Before he, or anybody else, was able to achieve these goals, the German commander in North Africa Erwin Rommel  had become, world-wide a much fear man, held in total awe by all including the Allies, rampant and omnipotent, with Egypt starting to batten-down fearing a German over run!

Only one commander could have held the whole show together [he who held the seas held the land adjacent to it] and that would have to be a naval commander.

Soldiers and airmen could of course sort out the land and air battles but only if they had food, shells and bullets, water to drink and fuel for their vehicles and aeroplanes, supplied on a regular basis with a nigh on guarantee that the supply line would be totally dependable and defended.

Almost from the word go, ABC dealt with war at sea [Mountbatten was just one of his any sea captains aboard HMS Kelly which was sunk in action] and there were many losses in the northern and central parts of the Mediterranean, fighting the Kriegsmarine, the Italian navy, and both the German and Italian air forces. But the spirit of the British shone through and we barged our way through, of course being helped by the surrender of the Italian navy in 1943.

On the land front a new commander was appointed in the guise of Bernard Montgomery, and with the guarantee of a regular trusted supply line [bringing in more aircraft by sea for the RAF and thus a better show in the air to assist both the land and sea commanders] he brought Rommel back down to earth to reveal an ordinary man with none of the special God-like powers the Germans claimed for him, when up against a much more competent British army commander. Rommel was to leave North Africa in total disgrace and later on,  Hitler offered him 'Hobbs Choice', either to be executed by his own kind or to commit suicide; he took the latter way out!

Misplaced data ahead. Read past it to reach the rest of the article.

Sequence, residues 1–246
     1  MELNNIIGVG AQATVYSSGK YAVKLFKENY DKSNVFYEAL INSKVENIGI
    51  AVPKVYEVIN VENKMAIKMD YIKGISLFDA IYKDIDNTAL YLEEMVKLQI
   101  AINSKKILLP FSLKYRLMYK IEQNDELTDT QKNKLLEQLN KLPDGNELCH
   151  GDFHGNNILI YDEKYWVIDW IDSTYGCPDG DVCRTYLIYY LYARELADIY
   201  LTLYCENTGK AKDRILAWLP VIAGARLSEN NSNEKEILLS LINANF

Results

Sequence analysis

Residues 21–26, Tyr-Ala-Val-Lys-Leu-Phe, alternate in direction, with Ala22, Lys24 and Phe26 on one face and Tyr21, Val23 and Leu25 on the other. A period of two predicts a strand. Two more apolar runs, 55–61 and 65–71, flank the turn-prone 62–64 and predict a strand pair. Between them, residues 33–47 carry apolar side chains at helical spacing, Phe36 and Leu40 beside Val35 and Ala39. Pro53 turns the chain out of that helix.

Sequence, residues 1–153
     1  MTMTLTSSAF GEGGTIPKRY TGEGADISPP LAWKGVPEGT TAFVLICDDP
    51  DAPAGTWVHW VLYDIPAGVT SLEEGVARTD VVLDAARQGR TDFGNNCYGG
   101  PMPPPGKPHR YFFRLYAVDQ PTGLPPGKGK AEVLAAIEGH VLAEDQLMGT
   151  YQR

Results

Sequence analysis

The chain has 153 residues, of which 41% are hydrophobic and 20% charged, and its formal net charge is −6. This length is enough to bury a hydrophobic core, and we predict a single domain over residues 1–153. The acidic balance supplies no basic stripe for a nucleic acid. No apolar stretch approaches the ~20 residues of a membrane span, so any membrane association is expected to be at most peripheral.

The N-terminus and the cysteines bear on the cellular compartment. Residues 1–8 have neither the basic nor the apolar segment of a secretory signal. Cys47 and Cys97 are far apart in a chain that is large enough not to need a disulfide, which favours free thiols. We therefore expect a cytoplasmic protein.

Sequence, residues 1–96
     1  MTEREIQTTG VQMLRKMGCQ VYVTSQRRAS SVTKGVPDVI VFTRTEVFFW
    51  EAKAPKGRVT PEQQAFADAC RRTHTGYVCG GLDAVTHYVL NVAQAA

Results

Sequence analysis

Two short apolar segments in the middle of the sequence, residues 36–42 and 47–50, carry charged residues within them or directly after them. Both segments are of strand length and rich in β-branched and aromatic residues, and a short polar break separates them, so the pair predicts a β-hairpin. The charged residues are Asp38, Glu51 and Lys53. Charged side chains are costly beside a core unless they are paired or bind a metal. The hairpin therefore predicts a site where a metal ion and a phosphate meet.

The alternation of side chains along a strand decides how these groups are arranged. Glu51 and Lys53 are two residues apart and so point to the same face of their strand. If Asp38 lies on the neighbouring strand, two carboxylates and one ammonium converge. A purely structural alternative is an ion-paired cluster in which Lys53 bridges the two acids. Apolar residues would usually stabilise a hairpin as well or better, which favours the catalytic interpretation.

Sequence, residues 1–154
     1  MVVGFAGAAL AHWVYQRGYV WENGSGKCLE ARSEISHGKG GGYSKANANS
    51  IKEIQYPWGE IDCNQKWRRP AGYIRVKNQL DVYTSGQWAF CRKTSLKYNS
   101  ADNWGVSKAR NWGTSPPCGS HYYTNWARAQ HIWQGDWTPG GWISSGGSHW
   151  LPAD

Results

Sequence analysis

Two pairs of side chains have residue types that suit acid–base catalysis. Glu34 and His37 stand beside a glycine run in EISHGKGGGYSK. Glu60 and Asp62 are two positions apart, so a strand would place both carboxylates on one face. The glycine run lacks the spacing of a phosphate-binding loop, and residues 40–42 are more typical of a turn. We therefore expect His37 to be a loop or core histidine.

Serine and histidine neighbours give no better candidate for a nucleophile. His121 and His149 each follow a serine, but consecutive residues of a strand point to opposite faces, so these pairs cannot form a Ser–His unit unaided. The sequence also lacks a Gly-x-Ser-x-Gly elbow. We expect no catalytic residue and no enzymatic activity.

ABC had supplied the British 8th army [wrongly called British because it was composed of soldiers from the UK {the majority} and from  Australia, India, Canada, Free French Forces, Greece, New Zealand, Poland, Rhodesia, South Africa] not from Europe via the North Atlantic, but from South Africa mainly, travelling the route into the Mediterranean via the South Atlantic. From Gibraltar onwards it was heavily protected and escorted and put ashore as soon as possible for Montgomery's immediate use.

On the other hand, the Royal Navy [chiefly] were busy by ship, submarine and air force, sinking anything which dared set a course south from the Southern European coast,  heading to replenish Axis forces in North Africa, and these vessels contained everything from a jar of pickles to fighting troops: all were subjected to a watery grave!